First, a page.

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The Real Issues Behind the Foreclosure Crisis

Posted by Larry Doyle on October 13, 2010 12:32 PM |

What is really going on in regard to the moratorium on mortgage foreclosures? A lot. Not all of it would qualify as the best of “sense on cents.” My thoughts include the following:

1. Can we now declare the HAMP (Making Home Affordable) program to be totally futile? How is it that everybody on Wall Street and in Washington is now promoting that the economy will be harmed if we forestall the mortgage foreclosure process? What the hell have the wizards in Washington been doing via HAMP and through Freddie and Fannie for the last 18 months? The simple fact is our policy makers have done everything in their power to inhibit the markets from working. Now, all of a sudden, they become proponents of free market principles? Were we born yesterday? Not here at Sense on Cents.

I have continually harangued our Washington politicos for not allowing the housing market to clear, and highlighted how forestalling that process would only prolong our economic pain. We’re feeling that pain now and will be for the foreseeable future.

2. Where are we going with this moratorium?

Do the banks, mortgage servicers, and originators run significant  litigation risks for improperly foreclosing on selected mortgages? Perhaps, BUT I personally believe the smokescreen created by this process is a precursor to having Uncle Sam impose mortgage principal forgiveness as the price for settling the potential legal fiasco of improper mortgage foreclosures. Am I being overly cynical, if not outright conspiratorial, in my line of reasoning? The fact is I believe the White House has always wanted to write down mortgage principal as the mechanism to support housing. Does crafting principal forgiveness as the ‘settlement’ for alleged improprieties by the aforementioned mortgage originators become a convenient way to subvert the courts on the issue of contract law? I am not an attorney, but my gut instincts tell me we are headed in this direction. Who gets hurt under this scenario? Mortgage investors who hold the mortgages which will have some form of principal forgiven. On that note, let’s navigate further.

3. The imposition of principal forgiveness may actually be less expensive for banks and servicers than addressing the real root problem behind many mortgages. What is that problem? The fact that a lot of mortgages in our nation today were fraudulently underwritten from point of origination and were then fraudulently conveyed via mortgage securitizations. A handful of investors (including some FHLBS and Freddie/Fannie) have pursued legal actions to have these frauds unearthed and adjudicated in their favor. How would that work? The banks and originators would have to purchase the fraudulently underwritten mortgages back at par. That cost would be enormous. Forgiving principal on an original fraud will not necessarily cure the problem, BUT it does become a means of buying time or ‘kicking the can down the road.’ That, my friends, is all we have been doing for the last few years anyway, so why stop now?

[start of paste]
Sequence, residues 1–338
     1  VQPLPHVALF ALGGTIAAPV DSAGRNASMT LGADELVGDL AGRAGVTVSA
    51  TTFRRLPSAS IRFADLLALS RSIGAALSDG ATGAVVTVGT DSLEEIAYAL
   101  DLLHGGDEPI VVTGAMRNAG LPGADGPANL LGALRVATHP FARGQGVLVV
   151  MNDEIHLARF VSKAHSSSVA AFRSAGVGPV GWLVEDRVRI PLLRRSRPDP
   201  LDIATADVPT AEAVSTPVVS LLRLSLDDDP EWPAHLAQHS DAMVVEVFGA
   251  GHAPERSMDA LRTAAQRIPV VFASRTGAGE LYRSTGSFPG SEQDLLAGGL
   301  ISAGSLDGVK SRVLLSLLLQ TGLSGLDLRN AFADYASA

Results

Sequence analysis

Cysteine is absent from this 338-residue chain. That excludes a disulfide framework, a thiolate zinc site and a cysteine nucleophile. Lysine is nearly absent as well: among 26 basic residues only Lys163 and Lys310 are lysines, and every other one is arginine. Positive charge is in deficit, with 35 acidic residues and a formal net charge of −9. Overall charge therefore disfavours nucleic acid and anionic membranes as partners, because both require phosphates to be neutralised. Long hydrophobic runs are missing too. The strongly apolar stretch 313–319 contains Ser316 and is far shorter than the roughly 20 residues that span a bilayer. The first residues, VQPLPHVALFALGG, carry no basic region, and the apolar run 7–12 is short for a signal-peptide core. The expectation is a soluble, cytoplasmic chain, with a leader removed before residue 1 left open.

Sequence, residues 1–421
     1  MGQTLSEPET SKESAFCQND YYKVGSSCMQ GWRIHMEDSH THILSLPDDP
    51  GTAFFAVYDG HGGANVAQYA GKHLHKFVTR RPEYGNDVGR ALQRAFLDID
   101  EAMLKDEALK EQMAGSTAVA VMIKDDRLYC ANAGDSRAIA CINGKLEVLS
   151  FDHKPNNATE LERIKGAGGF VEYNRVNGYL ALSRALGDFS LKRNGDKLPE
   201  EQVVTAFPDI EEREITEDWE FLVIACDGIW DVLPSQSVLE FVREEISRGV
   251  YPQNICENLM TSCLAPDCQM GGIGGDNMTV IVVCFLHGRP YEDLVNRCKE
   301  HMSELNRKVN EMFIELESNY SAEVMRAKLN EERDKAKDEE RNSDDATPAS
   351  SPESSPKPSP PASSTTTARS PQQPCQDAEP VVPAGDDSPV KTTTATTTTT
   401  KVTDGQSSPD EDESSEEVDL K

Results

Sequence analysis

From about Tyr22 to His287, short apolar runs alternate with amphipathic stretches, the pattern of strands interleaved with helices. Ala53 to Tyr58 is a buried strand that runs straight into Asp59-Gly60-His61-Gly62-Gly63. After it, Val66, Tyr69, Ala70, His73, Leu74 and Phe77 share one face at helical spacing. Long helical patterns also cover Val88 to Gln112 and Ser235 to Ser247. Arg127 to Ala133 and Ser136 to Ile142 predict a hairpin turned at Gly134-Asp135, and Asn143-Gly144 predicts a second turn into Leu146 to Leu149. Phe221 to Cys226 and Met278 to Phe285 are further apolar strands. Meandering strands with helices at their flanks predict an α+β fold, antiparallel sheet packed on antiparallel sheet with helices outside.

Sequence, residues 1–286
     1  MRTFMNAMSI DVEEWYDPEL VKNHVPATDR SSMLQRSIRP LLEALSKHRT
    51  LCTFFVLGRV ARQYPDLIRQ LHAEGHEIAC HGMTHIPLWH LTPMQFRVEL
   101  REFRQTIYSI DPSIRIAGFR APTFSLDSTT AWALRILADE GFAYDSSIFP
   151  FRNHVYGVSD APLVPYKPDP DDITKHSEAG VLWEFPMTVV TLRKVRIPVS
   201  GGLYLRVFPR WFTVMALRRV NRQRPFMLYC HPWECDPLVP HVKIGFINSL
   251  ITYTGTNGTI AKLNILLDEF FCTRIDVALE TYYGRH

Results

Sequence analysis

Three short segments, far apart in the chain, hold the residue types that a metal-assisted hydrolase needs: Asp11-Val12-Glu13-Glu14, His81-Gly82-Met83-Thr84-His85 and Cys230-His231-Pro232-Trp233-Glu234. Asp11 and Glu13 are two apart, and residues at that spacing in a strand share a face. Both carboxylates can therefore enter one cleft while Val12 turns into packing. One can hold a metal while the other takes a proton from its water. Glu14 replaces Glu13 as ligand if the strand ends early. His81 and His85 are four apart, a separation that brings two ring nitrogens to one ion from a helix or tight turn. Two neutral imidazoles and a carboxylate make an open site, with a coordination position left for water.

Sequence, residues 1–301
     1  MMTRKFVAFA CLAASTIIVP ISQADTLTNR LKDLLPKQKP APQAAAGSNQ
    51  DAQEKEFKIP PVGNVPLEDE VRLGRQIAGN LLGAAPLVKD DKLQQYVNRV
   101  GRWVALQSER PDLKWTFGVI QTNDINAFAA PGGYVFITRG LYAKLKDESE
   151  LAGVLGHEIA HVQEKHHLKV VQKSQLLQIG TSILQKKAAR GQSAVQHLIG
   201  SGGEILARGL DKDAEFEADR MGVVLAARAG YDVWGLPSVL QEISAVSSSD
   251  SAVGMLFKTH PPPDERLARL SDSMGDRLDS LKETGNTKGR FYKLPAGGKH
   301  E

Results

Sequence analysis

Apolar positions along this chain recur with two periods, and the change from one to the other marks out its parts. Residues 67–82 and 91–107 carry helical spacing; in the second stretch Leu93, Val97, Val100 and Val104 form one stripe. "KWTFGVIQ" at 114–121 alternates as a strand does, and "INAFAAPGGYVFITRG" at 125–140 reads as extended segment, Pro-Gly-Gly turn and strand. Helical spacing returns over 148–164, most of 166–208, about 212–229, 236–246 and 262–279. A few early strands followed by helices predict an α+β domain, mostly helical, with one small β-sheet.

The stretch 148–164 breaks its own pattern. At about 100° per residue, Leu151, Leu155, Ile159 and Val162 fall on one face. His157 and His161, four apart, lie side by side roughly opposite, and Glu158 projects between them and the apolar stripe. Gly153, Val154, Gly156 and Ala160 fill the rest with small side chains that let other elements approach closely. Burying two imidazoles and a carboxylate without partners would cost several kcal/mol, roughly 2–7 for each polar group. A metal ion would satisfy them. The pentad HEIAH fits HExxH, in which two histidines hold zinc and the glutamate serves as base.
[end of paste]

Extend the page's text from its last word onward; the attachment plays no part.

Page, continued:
In less polite terms, Wall Street and Washington have been and continue to be hard at work to continue to disguise the massive Ponzi scheme that was our nation’s economy. The moratorium on foreclosures may seem like the principals are trying to be good citizens. I view it in a decidedly different light. The principals on Wall Street and their cronies in Washington are looking for a means to write off the stranglehold of massive mortgage debt that continues to cripple our economy. These developments are merely the next leg in the great financial experiment playing out on our national stage and economic landscape.

Navigate accordingly.

Thoughts, comments, color, constructive criticisms always appreciated.

Larry Doyle

Related Sense on Cents Commentary
Sense on Cents/Mortgage Foreclosures

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I have no affiliation or business interest with any entity referenced in this commentary. As President of Greenwich Investment Management, an SEC regulated privately held registered investment adviser, I am merely a proponent of real transparency within our markets so that investor confidence and investor protection can be achieved.

  • fred

    With writedowns and workouts all but assured, please tell me why the Fed is buying $billions of mtg securities at par and sticking it on the tab of the taxpayer?

    LD, there’s no way it’s (indirectly) being used to pay banker bonuses, is there?

  • LD